Tag Archives: sustainability

Podcast

Tana French, THE TRESPASSER & Shaun Chamberlin, SURVIVING THE FUTURE

Mystery novelist Tana French talks about her latest book in the Dublin Murder Squad series, The Trespasser.

Then, how can we best confront the terrible uncertainties of a darkening future? We talk with Shaun Chamberlin about the late David Fleming’s book, Surviving The Future, which Chamberlin edited and brought out after Fleming’s death. Continue reading

Podcast

Carl Safina, BEYOND WORDS: What Animals Think And Feel

Conservation biologist Carl Safina talks about his acclaimed new book, Beyond Words: What Animals Think And Feel. It’s an eloquent plea based on science and ethics for a major re-set on how humans regard our fellow animals. It’s a game changer. Continue reading

Podcast

Overpopulation: Ecological Elephant In The Room?

Tom Butler of the Foundation for Deep Ecology talks about a gorgeous — and disturbing — new coffee table book of photojournalism, Overdevelopment, Overpopulation, Overshoot.

And women mystery writers have gone from being ignored to being stars of the genre. We talk with mystery writer Sara Paretsky about women’s changing position in the genre and about her own socially conscious mystery writing. Then we congratulate Elizabeth Kolbert on her Pulitzer Prize for The Sixth Extinction. Continue reading

Podcast

Katherine Bagley, BLOOMBERG’S HIDDEN LEGACY, plus Ten Best Shows of 2013

Katherine Bagley
Katherine Bagley
Ruth Ozeki
Ruth Ozeki

We talk with Inside Climate News reporter Katherine Bagley about Mayor Bloomberg’s record on climate resilience for New York City. She co-wrote BLOOMBERG’S HIDDEN LEGACY with Maria Galucci. Also we hear excerpts from WV’S “Best of 2013” episodes, featuring clips from interviews with Rilla Eskew, Carla Kaplan, Marisa Silver, Ruth Ozeki and Richard Heinberg. Continue reading

Podcast

Earth Day 2010

Bill McKibben
Bill McKibben

Host Francesca Rheannon talks with author and climate activist Bill McKibben about his new book, EAARTH. It’s about adapting to a planet already transformed by global warming. Then James Hoggan exposes the lies of the climate denial industry — and who’s behind them. And we air a clip from an archived interview with George Monbiot, author of HEAT.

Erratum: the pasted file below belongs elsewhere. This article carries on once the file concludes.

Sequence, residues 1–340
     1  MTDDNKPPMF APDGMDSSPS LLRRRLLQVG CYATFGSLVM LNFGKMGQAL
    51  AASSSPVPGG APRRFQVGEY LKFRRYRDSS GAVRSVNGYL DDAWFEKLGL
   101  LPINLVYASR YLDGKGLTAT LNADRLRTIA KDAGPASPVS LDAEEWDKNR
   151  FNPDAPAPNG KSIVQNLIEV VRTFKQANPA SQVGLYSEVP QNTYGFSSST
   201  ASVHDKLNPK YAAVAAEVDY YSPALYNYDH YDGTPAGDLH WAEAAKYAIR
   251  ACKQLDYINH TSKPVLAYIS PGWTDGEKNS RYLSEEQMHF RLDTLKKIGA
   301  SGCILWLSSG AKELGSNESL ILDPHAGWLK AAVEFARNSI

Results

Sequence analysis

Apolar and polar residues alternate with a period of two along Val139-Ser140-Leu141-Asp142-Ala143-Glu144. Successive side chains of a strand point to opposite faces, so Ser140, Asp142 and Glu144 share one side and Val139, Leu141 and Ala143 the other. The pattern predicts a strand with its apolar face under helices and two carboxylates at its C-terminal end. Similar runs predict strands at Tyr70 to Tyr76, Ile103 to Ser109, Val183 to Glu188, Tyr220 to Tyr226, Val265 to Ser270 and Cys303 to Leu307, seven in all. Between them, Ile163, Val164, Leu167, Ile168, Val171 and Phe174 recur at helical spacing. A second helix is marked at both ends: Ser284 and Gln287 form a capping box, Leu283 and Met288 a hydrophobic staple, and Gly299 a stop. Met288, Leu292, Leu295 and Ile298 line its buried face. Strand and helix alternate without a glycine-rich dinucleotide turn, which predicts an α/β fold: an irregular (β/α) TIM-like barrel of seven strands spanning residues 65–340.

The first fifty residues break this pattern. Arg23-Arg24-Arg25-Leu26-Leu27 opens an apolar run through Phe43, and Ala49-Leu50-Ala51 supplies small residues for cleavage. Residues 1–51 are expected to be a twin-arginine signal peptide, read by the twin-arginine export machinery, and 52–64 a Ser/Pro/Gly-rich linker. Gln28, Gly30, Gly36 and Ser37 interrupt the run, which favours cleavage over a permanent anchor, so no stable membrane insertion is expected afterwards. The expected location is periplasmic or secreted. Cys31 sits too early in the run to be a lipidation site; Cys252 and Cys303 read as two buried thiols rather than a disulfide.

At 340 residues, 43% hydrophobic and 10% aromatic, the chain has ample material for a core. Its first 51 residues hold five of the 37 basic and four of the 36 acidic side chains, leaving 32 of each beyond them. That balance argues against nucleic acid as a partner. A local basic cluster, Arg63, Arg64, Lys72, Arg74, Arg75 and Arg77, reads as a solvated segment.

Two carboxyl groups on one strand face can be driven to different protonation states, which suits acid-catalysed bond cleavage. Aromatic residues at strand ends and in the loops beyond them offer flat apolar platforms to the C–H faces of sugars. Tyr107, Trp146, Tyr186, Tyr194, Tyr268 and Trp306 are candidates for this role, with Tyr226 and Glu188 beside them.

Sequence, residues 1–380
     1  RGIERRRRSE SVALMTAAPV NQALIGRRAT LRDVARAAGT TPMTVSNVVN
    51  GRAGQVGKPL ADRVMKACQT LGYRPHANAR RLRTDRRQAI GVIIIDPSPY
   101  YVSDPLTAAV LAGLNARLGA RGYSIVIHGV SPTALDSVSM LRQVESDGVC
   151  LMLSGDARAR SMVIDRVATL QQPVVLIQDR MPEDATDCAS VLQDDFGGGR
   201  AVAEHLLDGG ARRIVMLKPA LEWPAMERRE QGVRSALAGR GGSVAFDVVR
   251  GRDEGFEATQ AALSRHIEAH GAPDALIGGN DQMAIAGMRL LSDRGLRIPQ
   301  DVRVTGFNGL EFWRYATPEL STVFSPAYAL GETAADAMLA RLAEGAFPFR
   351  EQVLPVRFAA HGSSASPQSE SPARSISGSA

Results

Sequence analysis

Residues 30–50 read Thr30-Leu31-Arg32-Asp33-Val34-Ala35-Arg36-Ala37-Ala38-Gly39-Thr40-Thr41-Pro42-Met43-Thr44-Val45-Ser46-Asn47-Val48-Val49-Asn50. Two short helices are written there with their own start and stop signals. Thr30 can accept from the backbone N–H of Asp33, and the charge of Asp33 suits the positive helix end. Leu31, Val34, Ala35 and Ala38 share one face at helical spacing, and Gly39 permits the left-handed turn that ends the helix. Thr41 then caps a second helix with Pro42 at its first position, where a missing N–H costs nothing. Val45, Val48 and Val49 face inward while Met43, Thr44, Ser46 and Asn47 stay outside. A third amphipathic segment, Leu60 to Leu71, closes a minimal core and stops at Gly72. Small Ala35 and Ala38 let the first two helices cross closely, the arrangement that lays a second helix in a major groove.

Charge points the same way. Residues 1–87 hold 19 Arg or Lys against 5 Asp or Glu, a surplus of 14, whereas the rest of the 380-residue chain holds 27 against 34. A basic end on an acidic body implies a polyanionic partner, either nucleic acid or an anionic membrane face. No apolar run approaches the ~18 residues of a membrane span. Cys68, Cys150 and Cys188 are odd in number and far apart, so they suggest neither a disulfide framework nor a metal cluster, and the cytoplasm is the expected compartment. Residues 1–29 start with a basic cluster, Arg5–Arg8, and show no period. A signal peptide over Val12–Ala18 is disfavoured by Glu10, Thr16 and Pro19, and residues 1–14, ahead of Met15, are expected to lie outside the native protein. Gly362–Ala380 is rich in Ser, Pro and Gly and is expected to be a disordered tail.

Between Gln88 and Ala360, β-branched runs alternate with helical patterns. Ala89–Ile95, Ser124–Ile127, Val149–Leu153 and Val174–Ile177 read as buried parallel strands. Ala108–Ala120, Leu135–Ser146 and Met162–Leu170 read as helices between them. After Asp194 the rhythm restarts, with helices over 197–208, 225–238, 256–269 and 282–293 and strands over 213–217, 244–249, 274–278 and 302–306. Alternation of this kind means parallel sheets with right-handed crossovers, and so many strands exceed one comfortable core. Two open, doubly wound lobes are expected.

James Hoggan

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Blog

What’s An Economy For, Anyway?

Book Review

Last night I visited a local pub with an old friend I hadn’t seen in decades. He’s in town to talk to college students about his new film, What’s An Economy For, Anyway? It’s a good question. And John de Graaf, the filmmaker, comes up with a good answer. He says an economy is for “the greatest good for the greatest number over the long haul.”

[amazon-product align=”left”]1576753573[/amazon-product]

De Graaf is best known for his film (and book) [amazon-product text=”Affluenza: The All-Consuming Epidemic” type=”text”]1576753573[/amazon-product], one of the first popular works to point out that our obsessive quest to amass more stuff (and the money to buy it) is destroying our communities, our health, and our planet. It came out before the U.S. was confronted with a sudden, drastic cure to its “affluenza” in the shape of an economic meltdown that is seriously crimping the buying habits of the American consumer.

An upside to the downside of the recession?

Over a glass of Merlot, de Graaf told me there’s an upside to the downside of the recession (or “jobless recovery”, as it’s being termed now): health improves during recessions. As people spend less, they have more time for proven health boosters such as sleeping more, volunteering in their community, and getting together with friends and family. They drive less, smoke less, drink less, eat less artery-clogging rich foods – and of course, have less work-related stress. And that’s despite the fact that unemployment has often been associated with higher rates of suicide, domestic violence and chronic illness, not to speak of the potential consequences of losing one’s health insurance.